It is no longer a “novelty” nor does it come as a surprise when we are reminded that education is one of the most critical aspects for the development of states and that it is the most crucial indicator of progress and success. Nations and their people have been assessed and evaluated in accordance with the success, efficacy and performance of their education systems.
Recently, a neutral and independent report was issued by Mackenzie and Associates in which the prominent organization conducted a survey on education in the Arab world and compared it to other states in terms of status and conditions. In truth, the figures that were presented in the report are alarming and foreshadow a huge disaster.
According to the report, Lebanon, Jordan, Tunisian, Egypt, Bahrain, Palestine, Morocco and Saudi Arabia rank low in comparison to other states worldwide, and are moreover significantly below the international average when it comes to subjects such as mathematics and science.
The same report also reveals that children in the eighth grade (employed as a benchmark general average) in the Arab world failed to demonstrate that they had any competent skills in mathematics. Also, the grave discrepancy between the performance of males and females in education was highlighted, in addition to the frailty of the educational institutions that offer technical and vocational training.
The Mackenzie and Associates report also showed how the absence of public colleges with a two-year educational program has led to the creation of an inverted pyramid that is confined to traditional schools and universities. The other shocking statistic, which inevitably reflects the sad reality of the current status of vocational education, is that only 12 percent of the graduates of these institutions join the labor market.
It was also revealed that the English language and problem solving were the most significant obstacles confronting graduates of technical institutions. Furthermore, the report features vital statistics related to the conditions of university education, warning that only 4 percent of university students are expected to complete their education and obtain a university degree. It also came to light that graduates lack essential skills needed for the labor market.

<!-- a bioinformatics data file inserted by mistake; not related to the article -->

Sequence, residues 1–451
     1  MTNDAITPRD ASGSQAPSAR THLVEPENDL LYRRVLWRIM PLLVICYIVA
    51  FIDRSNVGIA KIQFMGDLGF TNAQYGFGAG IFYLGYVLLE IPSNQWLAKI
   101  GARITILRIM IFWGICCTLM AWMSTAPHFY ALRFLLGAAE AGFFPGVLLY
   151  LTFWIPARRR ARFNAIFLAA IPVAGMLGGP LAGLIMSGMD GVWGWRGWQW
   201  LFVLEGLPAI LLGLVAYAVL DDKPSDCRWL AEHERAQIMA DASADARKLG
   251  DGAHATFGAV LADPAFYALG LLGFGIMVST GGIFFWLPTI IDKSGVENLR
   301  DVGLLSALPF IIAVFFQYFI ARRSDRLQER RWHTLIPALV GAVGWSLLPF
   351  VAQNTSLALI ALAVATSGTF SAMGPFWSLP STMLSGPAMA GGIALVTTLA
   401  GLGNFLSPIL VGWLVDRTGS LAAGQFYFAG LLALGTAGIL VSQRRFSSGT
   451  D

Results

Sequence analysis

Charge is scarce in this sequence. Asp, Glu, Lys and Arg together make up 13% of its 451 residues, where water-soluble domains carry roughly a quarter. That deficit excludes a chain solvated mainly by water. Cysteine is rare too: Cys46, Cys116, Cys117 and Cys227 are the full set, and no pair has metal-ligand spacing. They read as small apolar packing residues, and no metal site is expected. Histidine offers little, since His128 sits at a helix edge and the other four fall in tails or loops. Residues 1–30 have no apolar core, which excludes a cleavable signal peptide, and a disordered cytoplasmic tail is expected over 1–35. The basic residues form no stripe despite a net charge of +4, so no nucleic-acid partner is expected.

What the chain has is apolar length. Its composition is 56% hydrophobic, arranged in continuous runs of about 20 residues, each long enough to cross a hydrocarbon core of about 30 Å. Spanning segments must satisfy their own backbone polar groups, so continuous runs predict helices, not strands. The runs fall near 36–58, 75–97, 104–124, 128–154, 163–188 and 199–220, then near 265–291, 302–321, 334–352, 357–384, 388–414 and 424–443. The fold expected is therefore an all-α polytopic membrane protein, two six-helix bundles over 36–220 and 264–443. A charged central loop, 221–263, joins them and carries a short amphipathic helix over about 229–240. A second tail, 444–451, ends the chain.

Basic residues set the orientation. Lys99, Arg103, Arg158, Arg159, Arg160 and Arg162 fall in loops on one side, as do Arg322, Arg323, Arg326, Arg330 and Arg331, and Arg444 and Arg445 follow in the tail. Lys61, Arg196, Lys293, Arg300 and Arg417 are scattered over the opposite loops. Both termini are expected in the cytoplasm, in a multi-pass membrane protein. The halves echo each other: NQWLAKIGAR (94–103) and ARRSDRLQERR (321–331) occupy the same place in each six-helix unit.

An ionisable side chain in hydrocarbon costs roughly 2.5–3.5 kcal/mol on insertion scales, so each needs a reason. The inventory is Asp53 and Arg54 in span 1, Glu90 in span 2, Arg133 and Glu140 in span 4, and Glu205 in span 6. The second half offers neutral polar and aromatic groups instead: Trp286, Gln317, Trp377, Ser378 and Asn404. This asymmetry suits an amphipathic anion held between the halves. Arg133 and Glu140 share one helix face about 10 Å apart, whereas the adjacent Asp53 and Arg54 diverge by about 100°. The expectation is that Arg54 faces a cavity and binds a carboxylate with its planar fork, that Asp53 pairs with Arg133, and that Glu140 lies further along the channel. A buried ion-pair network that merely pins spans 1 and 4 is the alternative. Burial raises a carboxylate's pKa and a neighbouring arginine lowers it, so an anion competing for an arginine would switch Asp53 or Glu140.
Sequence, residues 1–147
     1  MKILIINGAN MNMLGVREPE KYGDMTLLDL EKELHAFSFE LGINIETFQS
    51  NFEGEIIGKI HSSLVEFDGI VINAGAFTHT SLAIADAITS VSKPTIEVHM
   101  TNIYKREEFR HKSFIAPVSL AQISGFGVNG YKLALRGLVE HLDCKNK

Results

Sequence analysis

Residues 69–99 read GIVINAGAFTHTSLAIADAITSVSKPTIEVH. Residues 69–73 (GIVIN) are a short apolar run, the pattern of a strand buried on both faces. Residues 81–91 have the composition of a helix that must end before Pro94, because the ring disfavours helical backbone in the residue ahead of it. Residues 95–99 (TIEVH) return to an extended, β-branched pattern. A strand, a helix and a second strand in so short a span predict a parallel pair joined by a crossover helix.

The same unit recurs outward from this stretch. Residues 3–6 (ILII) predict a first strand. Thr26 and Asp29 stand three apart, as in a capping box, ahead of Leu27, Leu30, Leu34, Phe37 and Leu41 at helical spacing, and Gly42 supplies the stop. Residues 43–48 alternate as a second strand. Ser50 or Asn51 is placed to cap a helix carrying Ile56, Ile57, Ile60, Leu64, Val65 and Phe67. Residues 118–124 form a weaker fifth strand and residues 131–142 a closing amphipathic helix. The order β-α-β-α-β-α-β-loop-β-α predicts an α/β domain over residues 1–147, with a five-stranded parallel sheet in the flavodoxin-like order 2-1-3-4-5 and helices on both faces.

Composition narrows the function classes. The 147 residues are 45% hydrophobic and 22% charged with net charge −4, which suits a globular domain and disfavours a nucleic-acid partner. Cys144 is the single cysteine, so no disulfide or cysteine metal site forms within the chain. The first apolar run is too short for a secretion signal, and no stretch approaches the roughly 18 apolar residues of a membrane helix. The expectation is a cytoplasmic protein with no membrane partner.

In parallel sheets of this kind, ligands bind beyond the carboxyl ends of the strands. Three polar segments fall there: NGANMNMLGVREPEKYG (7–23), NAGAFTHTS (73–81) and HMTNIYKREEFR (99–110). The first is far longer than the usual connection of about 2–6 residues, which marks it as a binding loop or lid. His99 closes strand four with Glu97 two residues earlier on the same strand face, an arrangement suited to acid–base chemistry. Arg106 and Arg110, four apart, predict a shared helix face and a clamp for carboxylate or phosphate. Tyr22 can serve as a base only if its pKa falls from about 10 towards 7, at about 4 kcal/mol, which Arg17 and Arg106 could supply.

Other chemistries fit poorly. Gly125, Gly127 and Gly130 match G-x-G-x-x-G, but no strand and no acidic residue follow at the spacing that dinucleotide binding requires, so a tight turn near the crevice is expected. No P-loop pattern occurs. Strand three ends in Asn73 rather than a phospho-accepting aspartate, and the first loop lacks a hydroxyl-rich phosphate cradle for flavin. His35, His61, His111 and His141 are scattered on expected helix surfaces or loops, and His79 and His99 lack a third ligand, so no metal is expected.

The Mackenzie and Associates report should be seriously considered and taken into account since it sheds light on the impoverished state of Arab education and supports it by new irrefutable evidence, stating that the solutions offered thus far are insufficient. The flagrant state of denial and the weak defense of the “glory” of education and its achievements in the Arab world must now be regarded with skepticism and concern.
It has become blatantly clear that there is a “hindrance” that obstructs further development and educational reform and which moreover assumes that defending the present status quo of education and maintaining it is part of preserving the identity and its idiosyncrasies, along with the predetermined aspects.
To this day, education is not afforded the same status or strategic importance as the security and defense sectors, for example. Education, if advanced, may be deemed the first line of defense against the delusions of extremism, terrorism, unemployment and crime.
A report conducted by international experts should not be the evidence we need to identify the deteriorating conditions and status quo of education in the Arab world; however detailed figures and data clearly reveal that the situation is grave and requires developing the tools and methods of education before the problem becomes worse.
This is a warning that cannot be overlooked.